Jessa Lingel is the author of the new book The Gentrification of the Internet: How To Reclaim Our Digital Freedom. Her other books include An Internet for the People. She is associate professor at the Annenberg School of Communications at the University of Pennsylvania.
Q: What inspired you to write The Gentrification of the Internet, and how would you define "gentrification" in relation to the internet?
A: Anti-gentrification activists in Philadelphia inspired me to write this book.
I've watched my neighborhood in South Philadelphia gentrify very quickly over the past five or six years, and in thinking about my own role in that process, I've learned about how loaded the term gentrification is, and how hard people are fighting to win back control over where they live.
I've been studying digital culture for a decade, and there were so many similarities in the power struggles over-commercialization and discrimination in neighborhoods and online.
Whether online or off, we can use gentrification as a framework for thinking about displacement, commercialization and isolation. People being forced out of neighborhoods and platforms, increased privatization, and filter bubbles that push us towards people with similar perspectives and backgrounds.
People think of urban gentrification as the decisions of a few homeowners on where they want to live, but really it's about housing policy and tax breaks. Online, there's a similar need to think about policies and regulations that could reshape how we interact with the tools and platforms we use every day.
Q: What would you say are some of the most common perceptions and misconceptions about internet use?
A: The tech industry has a lot of pull - it's not just a massive source of wealth, it has a huge influence on our everyday lives because of how embedded digital technologies are in how we work, learn, shop and communicate.
Because the tech industry is so powerful, they can make it seem like the web we have is inevitable - that the internet was always going to turn into the collection of platforms and practices that we have now.
When people feel that the technology they use is unchangeable, there's no point on pushing back when it comes to things like privacy or harassment policies.
But the internet could have developed very differently, which means that it can be different in the future. To get there, we need government regulation, and we also need users to remember that Big Tech needs us more than we need them.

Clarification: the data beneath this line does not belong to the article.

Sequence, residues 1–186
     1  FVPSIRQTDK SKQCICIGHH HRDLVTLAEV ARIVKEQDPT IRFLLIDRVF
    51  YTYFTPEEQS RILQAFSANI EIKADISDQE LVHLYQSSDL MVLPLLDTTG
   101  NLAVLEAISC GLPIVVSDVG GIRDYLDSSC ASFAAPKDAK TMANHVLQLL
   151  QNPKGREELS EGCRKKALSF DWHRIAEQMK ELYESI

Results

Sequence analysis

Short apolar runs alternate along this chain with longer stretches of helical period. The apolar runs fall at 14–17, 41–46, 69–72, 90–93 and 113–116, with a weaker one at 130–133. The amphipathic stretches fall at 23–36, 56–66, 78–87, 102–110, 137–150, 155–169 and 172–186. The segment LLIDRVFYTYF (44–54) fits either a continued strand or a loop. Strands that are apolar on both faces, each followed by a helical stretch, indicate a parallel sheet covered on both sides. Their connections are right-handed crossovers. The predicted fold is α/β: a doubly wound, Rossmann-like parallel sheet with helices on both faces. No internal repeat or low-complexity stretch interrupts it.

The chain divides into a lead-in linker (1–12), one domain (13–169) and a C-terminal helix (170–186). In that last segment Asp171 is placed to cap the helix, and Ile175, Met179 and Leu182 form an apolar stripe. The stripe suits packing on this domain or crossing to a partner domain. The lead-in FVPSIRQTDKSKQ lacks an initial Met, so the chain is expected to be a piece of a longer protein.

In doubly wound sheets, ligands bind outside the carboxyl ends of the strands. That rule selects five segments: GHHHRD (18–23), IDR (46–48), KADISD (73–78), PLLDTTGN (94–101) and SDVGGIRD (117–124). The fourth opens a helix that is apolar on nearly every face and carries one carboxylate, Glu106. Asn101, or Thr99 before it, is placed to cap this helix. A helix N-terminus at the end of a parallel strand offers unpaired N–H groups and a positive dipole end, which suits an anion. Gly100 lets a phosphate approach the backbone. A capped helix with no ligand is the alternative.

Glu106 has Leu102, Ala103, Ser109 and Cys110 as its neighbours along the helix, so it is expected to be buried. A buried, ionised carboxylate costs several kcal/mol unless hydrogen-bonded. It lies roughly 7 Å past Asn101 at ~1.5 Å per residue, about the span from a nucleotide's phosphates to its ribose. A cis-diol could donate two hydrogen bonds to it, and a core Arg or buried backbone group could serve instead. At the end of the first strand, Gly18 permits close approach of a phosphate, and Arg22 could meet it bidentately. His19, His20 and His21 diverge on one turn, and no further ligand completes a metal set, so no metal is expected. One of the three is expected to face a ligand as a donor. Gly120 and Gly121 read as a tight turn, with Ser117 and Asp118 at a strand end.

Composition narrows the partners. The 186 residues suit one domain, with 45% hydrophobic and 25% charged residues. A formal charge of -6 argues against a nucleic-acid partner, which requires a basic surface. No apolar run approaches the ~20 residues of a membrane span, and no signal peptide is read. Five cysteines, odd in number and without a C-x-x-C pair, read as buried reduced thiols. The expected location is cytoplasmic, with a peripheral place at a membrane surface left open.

Q: The book's subtitle is "How To Reclaim Our Digital Freedom." What are some of the methods you would favor?
A: There are a few steps that people can take to push back on Big Tech.
On the individual level, we can do more to diversify our online networks.
Instead of relying on the content that algorithms push to us on social media platforms, we can use our likes and follows to build more diverse networks. Basically, we can be our own algorithms and shake up the content that comes across our feeds, exposing ourselves to new perspectives and ideas.
We can also demand regulation from lawmakers. We're seeing signs that the federal government is interested in breaking up Big Tech through anti-trust legislation, and we also have an FCC that's more likely to favor net neutrality rulings.
Pushing our senators and congresspeople, at both the state and federal level, to hold Big Tech accountable is crucial for winning back more control over our online lives.
Q: What do you hope people take away from the book?
A: I wrote this book for ordinary internet users who already get that the internet has a lot of problems, but want to know how it got this way and how it could be different.
I hope people who read the book will feel like they have a vocabulary for describing what they see and feel in their online lives, and that they have a toolkit for making changes in how they think about and use digital technology.
Another takeaway is understanding controversies around gentrification, which is important for social justice work whether we're talking about our cities or our online platforms.
Q: What are you working on now?
A: I've been working with my friend Kyle Cassidy on a project about the history of the payphone. Payphones have a fascinating history, and a really important story to tell about human communication and technological infrastructure.
I'm also doing a project on Covid-19 contact tracing, focused on how people of color experience public health data requests. I'm collaborating with activists from the Creative Resilience Collective and Free Radicals, which has been a really meaningful partnership that's helped me to focus on community engagement and policy implications.
Hopefully, we'll be able to offer some guidelines for contact tracing guidelines and public health information campaigns in the future.
Q: Anything else we should know?
A: Yes! I would love to plug some other books that I think of as essential reading: Jillian York's new book, Silicon Values, does a great job spelling out the politics of Big Tech, and draws on examples from across the world, and not just the U.S.
Books by Safiya Noble and Meredith Broussard have become required reading in a very short period of time. I will also plug Joan Donovan's work on content moderation, which has a lot of very actionable advice for Big Tech.
--Interview with Deborah Kalb